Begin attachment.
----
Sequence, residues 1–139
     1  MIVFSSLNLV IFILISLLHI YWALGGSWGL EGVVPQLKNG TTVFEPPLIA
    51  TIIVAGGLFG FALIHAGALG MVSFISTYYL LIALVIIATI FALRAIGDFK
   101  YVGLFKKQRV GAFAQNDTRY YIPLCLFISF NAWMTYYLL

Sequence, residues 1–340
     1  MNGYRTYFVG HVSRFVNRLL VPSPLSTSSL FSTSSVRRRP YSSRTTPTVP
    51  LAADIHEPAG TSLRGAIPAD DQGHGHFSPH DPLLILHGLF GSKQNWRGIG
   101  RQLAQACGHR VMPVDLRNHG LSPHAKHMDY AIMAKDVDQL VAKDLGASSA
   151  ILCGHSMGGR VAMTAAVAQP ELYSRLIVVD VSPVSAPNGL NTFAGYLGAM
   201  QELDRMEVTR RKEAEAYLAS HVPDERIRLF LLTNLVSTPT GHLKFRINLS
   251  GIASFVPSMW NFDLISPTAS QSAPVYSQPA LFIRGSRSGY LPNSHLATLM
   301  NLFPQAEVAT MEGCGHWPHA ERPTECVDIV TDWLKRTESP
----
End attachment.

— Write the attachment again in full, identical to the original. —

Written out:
Sequence, residues 1–139
     1  MIVFSSLNLV IFILISLLHI YWALGGSWGL EGVVPQLKNG TTVFEPPLIA
    51  TIIVAGGLFG FALIHAGALG MVSFISTYYL LIALVIIATI FALRAIGDFK
   101  YVGLFKKQRV GAFAQNDTRY YIPLCLFISF NAWMTYYLL

Sequence, residues 1–340
     1  MNGYRTYFVG HVSRFVNRLL VPSPLSTSSL FSTSSVRRRP YSSRTTPTVP
    51  LAADIHEPAG TSLRGAIPAD DQGHGHFSPH DPLLILHGLF GSKQNWRGIG
   101  RQLAQACGHR VMPVDLRNHG LSPHAKHMDY AIMAKDVDQL VAKDLGASSA
   151  ILCGHSMGGR VAMTAAVAQP ELYSRLIVVD VSPVSAPNGL NTFAGYLGAM
   201  QELDRMEVTR RKEAEAYLAS HVPDERIRLF LLTNLVSTPT GHLKFRINLS
   251  GIASFVPSMW NFDLISPTAS QSAPVYSQPA LFIRGSRSGY LPNSHLATLM
   301  NLFPQAEVAT MEGCGHWPHA ERPTECVDIV TDWLKRTESP